An Early Enamelled Gold Bracelet by Frédéric Boucheron
composed of six oval painted enamel panels depicting graceful female figures in the Classical taste, each bordered with diamonds and linked with twin openwork gold quatrefoil motifs with diamond centres.
Contained in its original brown leather case, the lid satin printed:
‘Fic BOUCHERON, Médaille d’or Paris 1867. Gd Diplôme Vienne 1873, Médaille Philadelphie 1876. Grand Prix Paris 1878, Joaillier, Palais Royal.’
By the time this jewel was created, Frédéric Boucheron’s premises occupied four arcades in the fashionable Palais-Royal, beginning with just one in 1858. Awarded a gold medal at the Exposition Universelle of 1867, he went on to win one of the three prestigious Grand Prix at the Exposition of 1878.
Frédéric Boucheron’s talent lay in identifying and attracting craftsmen and designers who embraced new materials and experimented with daring and innovative compositions. He was scrupulous in acknowledging them by name in his display, earning their loyalty for decades. The jewellers and goldsmiths he employed were freelance as well as in-house specialists.
The bracelet bears the poinçon of Louis Rouvillois who counted amongst the freelance jewellers such as Alfred Menu, Georges Le Saché, and Eugène Fontenay to supply Frédéric Boucheron with works for his retail premises.
Rouvillois’ mark, registered on 7th January 1853, also appears on a Boucheron tie pin centred with a cameo, dated 1877, illustrated in Boucheron, Four Generations of a World Renowned Jeweller by Gilles Néret (1988), p.32. The tie pin forms part of Boucheron’s historic collection.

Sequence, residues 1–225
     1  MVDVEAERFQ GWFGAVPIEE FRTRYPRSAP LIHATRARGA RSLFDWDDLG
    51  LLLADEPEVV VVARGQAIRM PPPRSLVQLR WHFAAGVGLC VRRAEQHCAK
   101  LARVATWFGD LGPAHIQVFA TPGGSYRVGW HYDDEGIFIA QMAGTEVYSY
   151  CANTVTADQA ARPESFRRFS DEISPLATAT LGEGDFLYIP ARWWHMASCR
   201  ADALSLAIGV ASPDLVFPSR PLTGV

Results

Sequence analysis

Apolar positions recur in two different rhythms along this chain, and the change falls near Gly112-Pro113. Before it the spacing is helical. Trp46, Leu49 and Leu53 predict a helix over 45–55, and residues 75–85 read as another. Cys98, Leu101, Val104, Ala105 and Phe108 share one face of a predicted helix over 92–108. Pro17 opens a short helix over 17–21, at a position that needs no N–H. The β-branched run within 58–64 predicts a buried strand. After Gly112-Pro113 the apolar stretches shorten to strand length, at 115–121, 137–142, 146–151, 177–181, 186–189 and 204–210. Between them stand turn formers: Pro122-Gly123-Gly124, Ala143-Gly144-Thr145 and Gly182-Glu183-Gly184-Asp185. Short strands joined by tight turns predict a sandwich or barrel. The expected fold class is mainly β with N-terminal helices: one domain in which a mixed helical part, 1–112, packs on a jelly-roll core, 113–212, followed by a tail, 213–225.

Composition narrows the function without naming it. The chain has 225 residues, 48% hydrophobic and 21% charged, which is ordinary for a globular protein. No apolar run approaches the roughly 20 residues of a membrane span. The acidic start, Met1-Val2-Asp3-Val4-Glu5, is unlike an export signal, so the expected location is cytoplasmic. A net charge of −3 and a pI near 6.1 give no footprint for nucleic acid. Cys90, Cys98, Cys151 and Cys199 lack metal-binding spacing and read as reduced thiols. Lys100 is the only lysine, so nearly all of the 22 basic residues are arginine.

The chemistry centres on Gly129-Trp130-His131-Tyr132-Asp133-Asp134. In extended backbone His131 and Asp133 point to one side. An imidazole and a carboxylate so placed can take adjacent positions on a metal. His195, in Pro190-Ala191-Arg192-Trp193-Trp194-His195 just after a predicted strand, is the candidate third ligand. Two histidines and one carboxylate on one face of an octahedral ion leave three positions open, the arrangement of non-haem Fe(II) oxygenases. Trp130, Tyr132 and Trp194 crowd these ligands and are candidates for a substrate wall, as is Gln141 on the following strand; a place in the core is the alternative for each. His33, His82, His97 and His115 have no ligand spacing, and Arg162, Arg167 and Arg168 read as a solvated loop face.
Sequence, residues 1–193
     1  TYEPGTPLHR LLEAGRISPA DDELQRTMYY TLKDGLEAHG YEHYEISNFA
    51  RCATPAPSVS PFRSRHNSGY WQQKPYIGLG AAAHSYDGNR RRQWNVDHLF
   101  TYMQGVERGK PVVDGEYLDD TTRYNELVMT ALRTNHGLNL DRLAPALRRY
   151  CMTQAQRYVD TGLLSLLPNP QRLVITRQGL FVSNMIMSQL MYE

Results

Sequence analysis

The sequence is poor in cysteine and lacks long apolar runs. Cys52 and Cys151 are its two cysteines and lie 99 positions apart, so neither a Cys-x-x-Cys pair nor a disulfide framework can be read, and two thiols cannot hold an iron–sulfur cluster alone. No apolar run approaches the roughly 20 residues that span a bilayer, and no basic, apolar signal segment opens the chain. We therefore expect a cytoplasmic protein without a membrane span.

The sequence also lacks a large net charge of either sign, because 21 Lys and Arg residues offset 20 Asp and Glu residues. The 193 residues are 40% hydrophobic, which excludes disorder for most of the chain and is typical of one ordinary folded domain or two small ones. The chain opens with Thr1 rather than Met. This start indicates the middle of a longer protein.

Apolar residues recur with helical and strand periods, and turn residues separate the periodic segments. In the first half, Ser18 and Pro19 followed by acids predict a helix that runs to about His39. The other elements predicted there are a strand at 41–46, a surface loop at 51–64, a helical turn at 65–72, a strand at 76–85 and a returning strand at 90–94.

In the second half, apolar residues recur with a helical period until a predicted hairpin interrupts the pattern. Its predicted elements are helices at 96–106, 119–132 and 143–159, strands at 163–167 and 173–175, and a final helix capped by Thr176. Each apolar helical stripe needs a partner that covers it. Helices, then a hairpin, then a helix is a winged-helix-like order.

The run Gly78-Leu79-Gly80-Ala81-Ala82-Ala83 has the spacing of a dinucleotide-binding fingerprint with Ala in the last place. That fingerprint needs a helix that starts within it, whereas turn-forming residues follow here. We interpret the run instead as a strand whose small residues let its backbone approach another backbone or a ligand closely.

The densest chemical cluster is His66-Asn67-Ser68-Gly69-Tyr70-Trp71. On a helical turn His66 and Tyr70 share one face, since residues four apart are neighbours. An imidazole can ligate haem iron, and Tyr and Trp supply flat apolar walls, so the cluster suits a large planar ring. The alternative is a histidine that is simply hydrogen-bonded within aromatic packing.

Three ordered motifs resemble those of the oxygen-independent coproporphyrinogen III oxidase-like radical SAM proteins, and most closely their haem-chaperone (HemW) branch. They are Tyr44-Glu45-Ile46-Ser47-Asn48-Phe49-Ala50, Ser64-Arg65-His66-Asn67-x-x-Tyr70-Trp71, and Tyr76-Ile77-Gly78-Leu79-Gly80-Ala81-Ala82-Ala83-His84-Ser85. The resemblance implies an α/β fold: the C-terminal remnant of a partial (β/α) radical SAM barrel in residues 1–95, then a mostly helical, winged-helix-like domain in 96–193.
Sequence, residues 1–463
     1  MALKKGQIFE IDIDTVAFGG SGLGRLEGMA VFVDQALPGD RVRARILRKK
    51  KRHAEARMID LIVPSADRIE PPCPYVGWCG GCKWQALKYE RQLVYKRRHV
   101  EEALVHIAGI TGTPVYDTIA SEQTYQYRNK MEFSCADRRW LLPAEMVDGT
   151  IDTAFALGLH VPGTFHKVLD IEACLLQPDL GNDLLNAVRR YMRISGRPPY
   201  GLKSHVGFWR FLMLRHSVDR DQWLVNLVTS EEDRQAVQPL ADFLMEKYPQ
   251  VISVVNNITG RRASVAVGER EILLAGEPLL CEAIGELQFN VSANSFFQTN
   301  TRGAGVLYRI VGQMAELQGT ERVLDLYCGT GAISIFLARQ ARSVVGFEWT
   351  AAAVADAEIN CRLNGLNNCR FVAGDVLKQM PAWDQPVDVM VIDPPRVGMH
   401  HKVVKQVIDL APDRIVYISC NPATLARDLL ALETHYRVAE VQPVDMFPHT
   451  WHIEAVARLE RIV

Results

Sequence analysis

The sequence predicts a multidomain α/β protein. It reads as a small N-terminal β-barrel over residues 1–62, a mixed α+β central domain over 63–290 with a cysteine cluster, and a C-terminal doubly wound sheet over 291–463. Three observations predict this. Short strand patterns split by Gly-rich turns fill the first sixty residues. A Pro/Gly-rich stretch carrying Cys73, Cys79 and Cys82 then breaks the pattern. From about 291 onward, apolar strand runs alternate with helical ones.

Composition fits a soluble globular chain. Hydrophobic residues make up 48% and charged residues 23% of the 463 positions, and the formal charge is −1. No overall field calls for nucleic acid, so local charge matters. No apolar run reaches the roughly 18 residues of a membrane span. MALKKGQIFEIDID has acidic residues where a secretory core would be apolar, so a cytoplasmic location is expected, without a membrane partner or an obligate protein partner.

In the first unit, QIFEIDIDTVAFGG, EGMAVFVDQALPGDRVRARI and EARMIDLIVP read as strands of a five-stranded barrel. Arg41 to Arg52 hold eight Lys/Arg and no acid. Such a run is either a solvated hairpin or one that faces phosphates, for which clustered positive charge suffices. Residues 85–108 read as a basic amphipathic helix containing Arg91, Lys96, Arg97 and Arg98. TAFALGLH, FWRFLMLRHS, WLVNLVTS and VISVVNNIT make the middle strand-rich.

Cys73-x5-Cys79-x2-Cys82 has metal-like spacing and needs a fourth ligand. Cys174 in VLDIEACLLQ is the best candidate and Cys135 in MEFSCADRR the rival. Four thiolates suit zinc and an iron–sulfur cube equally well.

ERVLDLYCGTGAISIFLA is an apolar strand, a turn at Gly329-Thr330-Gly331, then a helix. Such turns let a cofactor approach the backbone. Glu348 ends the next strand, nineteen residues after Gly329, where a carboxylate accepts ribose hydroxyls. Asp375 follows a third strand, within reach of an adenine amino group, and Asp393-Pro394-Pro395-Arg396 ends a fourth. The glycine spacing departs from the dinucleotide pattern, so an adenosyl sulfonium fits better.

Another such jewel created by him for Boucheron, in the form of a double sided carved sapphire scarab and made in 1878, forms part of the collection of the Musée des Arts Décoratifs. (inv. 28869B)
The plaques composing the bracelet are decorated by one of the most skilled painters in enamel of the 19th century, Alfred Meyer (1832-1904), and demonstrate his characteristic palette of white motif against a brown background. Auguste Meyer had already begun experimenting with Limoges-style enamels when he joined the Manufacture de Sèvres as a decorator of porcelain in 1859. By combining translucent enamels over paillons on a copper ground, he created shimmering decorative plaques much in demand by Parisian jewellers who incorporated them in their creations throughout the 1870’s and 1880’s.
Works by Gustave Baugrand as well as Boucheron displayed at the Exposition Universelle of 1867 featured his historical portraits or allegorical themes. Emile Froment-Meurice, Henri Vever, Alphonse Fouquet and Robert Phillips also sought his talents. A number of works by Falize incorporated his enamels, including a celebrated ‘Gaston Phoebus’ bracelet commissioned by the Prince de Béarn and exhibited at the Exposition Universelle of 1878; so too a necklace apparently bearing the same provenance, dated 1887, presently in the Museum für Angewandte Kunst, Koln.
A vinaigrette by Falize centred with an exquisite plaque by Meyer forms part of the collection of the Ashmolean Museum, Oxford, while an enamelled portrait of Benvenuto Celllini, incorporated in a book cover, is one of four works by Meyer contained in the celebrated enamel collection of the Musée des Beaux-Arts of Limoges (inv.2006.16.1).
This jewel was made during one of the most flourishing periods in Frédéric Boucheron’s career, just a few years before the Exposition Universelle of 1889 where he would win another Grand Prix and be awarded the Légion d’Honneur.